Popular pastimes in Nuevo Laredo include bullfighting and baseball. Bullfighting has existed in Nuevo Laredo for the past century and baseball has been around for almost 70 years. The first professional baseball team for the Mexican League was formed here in 1940. The team, Tecolotes, is the longest running professional team in Mexico. It ran until 10 years ago and is now in the process of being relaunched. In addition to these favorite past times, Nuevo Laredo has hosted a renowned cultural festival for the past ten years, bringing in performers from all over the world.
San Agustín de Laredo, a colonial city of New Spain founded in 1755, was named for a town in Santander, situated on the north coast of Spain. Nuevo Santander, one of the last northern provinces of New Spain, was established by the Spaniard José de Escandón as part of the efforts to colonize northern México. Appointed governor, Escandón was responsible for colonization along the Río Grande, and a chain of six settlements were established, with Camargo being the earliest in 1749. The other outposts included Reynosa (1749), Dolores (1750), Revilla (1750), and Mier (1752). Since no missions or presidios were associated with its founding, Laredo is considered the oldest independent settlement in Texas and is the only remaining Spanish colonial settlement on the north bank of the lower Río Grande (Laredo Convention and Visitor’s Bureau).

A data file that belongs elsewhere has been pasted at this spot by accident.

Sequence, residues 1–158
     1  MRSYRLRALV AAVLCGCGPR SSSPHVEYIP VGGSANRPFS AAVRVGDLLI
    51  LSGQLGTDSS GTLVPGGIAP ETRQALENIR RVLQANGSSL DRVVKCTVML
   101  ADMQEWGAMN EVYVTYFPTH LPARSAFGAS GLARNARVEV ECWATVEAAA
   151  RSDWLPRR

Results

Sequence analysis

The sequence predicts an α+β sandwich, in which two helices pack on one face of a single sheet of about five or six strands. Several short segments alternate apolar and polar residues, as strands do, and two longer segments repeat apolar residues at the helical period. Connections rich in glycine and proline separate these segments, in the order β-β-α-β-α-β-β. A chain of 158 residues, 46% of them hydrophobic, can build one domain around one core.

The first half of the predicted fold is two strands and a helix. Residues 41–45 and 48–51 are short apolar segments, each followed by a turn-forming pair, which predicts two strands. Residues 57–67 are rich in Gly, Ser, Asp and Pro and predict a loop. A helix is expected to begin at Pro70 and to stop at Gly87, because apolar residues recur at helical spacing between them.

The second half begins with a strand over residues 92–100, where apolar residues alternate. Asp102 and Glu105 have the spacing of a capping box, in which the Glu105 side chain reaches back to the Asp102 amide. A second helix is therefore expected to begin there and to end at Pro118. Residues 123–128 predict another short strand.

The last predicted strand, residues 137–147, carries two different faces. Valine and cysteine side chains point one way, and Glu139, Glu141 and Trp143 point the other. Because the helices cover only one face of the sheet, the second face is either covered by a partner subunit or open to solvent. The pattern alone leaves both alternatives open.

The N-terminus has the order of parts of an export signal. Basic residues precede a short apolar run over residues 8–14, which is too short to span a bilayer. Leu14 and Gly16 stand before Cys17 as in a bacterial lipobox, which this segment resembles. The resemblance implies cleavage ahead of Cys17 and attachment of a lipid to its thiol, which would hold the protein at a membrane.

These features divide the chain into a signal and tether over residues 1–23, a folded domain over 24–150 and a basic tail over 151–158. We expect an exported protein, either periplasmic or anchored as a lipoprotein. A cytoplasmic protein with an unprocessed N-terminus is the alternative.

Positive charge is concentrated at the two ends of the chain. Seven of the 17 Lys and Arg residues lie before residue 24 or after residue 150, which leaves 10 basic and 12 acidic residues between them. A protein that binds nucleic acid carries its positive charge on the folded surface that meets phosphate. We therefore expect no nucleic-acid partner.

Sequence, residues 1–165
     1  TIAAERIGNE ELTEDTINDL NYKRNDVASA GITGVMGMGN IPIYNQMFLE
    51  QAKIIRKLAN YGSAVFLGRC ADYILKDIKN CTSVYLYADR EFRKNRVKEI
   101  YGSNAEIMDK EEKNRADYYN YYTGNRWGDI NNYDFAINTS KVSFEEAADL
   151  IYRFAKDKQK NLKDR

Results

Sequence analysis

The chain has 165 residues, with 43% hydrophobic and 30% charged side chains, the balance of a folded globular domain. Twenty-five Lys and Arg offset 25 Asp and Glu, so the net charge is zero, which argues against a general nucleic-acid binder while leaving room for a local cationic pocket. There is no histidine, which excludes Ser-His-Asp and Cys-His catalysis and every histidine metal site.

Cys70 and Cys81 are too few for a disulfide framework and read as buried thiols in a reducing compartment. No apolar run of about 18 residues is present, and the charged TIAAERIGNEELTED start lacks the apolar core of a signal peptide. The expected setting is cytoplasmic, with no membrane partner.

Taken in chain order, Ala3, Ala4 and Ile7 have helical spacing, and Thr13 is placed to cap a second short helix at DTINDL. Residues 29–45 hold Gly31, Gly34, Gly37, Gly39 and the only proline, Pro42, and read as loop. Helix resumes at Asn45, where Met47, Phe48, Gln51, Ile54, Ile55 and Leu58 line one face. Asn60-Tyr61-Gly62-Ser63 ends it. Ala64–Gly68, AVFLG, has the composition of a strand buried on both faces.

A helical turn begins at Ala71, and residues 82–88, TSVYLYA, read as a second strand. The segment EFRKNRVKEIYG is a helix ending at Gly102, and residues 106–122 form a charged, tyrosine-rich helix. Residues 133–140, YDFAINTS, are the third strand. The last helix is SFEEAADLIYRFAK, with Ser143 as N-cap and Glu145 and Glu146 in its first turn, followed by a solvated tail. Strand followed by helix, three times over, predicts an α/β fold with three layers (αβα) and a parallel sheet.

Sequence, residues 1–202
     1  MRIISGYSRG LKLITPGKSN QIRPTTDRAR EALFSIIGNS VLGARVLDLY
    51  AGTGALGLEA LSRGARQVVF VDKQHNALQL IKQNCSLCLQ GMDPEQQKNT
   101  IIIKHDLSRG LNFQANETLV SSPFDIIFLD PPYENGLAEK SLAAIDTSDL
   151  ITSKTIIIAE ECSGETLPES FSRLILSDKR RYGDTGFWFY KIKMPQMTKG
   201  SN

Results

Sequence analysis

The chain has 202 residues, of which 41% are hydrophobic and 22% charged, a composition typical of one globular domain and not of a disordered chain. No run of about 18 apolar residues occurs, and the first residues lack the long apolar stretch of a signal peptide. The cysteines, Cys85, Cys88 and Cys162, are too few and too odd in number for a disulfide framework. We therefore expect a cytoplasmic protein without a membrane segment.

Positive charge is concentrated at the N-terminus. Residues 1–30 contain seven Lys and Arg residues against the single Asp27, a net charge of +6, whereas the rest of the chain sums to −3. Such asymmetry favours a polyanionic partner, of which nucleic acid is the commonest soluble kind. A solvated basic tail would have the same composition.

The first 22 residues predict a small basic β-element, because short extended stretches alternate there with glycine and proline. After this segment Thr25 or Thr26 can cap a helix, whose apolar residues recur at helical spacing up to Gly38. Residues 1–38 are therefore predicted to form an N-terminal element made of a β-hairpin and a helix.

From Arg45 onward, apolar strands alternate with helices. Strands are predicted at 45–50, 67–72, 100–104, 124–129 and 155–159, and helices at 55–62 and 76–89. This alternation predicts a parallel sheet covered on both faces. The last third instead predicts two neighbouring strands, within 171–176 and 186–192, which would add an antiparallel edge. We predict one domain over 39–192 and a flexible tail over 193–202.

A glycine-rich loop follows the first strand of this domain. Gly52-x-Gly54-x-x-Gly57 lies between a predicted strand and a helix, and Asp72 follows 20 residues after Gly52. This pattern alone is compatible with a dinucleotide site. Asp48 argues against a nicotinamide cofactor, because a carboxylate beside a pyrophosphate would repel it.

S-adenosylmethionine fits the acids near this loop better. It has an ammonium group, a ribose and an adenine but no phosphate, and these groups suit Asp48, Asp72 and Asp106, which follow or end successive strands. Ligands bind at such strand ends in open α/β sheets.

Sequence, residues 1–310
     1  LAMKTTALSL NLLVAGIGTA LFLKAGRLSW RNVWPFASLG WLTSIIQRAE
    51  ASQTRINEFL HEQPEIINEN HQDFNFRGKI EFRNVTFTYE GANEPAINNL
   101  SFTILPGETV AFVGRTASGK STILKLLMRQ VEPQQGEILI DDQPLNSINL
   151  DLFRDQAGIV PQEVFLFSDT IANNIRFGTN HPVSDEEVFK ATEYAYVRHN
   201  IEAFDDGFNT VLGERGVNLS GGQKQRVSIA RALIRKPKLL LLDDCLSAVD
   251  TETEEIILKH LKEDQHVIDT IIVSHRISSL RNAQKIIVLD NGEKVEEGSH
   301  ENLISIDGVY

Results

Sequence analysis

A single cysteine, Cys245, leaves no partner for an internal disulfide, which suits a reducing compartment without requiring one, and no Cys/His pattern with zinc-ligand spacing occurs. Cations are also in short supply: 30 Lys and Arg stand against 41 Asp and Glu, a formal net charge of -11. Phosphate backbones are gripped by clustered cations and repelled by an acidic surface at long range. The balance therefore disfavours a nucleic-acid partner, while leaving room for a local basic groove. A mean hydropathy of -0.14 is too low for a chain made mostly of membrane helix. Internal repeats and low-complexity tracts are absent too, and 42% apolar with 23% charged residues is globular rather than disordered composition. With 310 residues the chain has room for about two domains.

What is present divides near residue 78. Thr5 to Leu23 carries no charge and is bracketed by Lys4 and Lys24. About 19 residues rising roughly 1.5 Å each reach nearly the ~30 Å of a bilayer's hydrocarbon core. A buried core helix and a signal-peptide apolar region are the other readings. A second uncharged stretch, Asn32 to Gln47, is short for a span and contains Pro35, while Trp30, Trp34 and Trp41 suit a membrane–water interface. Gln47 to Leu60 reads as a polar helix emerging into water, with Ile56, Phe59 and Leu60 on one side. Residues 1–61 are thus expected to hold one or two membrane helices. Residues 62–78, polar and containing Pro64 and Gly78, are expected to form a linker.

Nuevo Laredo was born as a result of the treaty “Tratado de Guadalupe-Hidalgo” entered into by México and United States in February 1848 – ending the war between the two nations. Yet, in reality, the formal foundation of the city was on May 15th, 1755.